Keywords:Bay of Bengal, natural / anthropogenic aerosol, biogeochemistry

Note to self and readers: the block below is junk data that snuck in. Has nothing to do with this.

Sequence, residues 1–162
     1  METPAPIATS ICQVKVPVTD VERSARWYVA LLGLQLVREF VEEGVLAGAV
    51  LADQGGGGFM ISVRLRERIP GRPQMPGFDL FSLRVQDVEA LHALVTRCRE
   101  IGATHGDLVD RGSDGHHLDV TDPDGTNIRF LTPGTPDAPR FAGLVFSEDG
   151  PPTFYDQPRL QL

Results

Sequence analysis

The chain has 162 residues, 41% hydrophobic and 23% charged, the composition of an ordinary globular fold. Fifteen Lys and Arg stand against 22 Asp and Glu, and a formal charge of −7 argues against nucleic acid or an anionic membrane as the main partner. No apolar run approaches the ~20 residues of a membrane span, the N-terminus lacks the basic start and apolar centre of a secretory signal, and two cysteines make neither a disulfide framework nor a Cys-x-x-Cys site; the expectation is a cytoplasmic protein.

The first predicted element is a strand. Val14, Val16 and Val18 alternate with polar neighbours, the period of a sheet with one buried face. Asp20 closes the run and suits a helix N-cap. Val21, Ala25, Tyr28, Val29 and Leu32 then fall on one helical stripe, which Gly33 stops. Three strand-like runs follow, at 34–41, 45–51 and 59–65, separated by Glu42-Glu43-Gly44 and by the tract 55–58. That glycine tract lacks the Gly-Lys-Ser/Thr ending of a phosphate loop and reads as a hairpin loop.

It has been reported that aerosol supplied from the land to the ocean affects ocean biogeochemistry. Not only in the modern age, but also during the glacier age, macro- and micro-nutrient in aerosol possibly increases ocean nutrients resulting in increases of primary productivity and settling particles. On the other hand, aerosol input possibly has negative impact: the harmful trace metals in aerosol might damage ocean primary producer and some chemical substances might accelerate the ocean acidification. The Bay of Bengal (BoB) is located in the northeast of the Indian Ocean. The BoB is semi-closed tropical maritime surrounded by the land on its north, east, and west. In addition to strong insolation, large amount of fresh water input from Ganges and Brahmaputra rivers that are one of largest river in the world and large precipitation during the boreal summer monsoon season strongly stratify the ocean. As a result, the supply of nutrient from the subsurface is strictly inhibited and the BoB is oligotrophic. As mechanisms of nutrients supply to the sun-lit layer in the BoB, in addition to passes of meso-scale cyclonic eddy and of meteorology turbulence such as cyclone, aerosol input is very important. Because of the unique monsoon system in the Indian Ocean, the northeast wind is pre-dominant during winter season. Thus, especially in winter, natural and anthropogenic aerosol that originates from the consumption of fossil fuel and the biomass burning are largely transported from the land to the BoB. Another characteristic of the BoB is that about one-quarter of the world population live around the BoB. Especially, Indo and Bangladesh are well known as a country that magnitude of air pollution (concentration of PM2.5) is quite high and gigantic anthropogenic aerosol are emitted. It is reported that , in spring, an amount of anthropogenic aerosol input to the BoB is much higher than that to the Arabian Sea. It has been reported that concentration of iron (Fe) in the anthropogenic aerosol that serves as micronutrient is higher and dissolved more easily (namely, more bioavailable) than that in the natural aerosol. Thus in future, increase of anthropogenic aerosol input might enhance ocean primary productivity in the pelagic ocean with Fe deficiency. Moreover, large amount of aerosol that is attributed to wildfire, volcanic explosion and biomass burning are emitted from Indonesia located in the southeast of the BoB. These aerosols possibly affect biogeochemistry in the BoB too. There is another negative feedback that irradiance to the BoB would decrease resulting decrease of primary productivity if large amount of aerosol were transported over the BoB. Therefore the BoB is a “ hot spot” for the study on impact of aerosol on ocean biogeochemistry. This presentation reviews previous study on this issue and introduces a scientific cruise planned in 2018.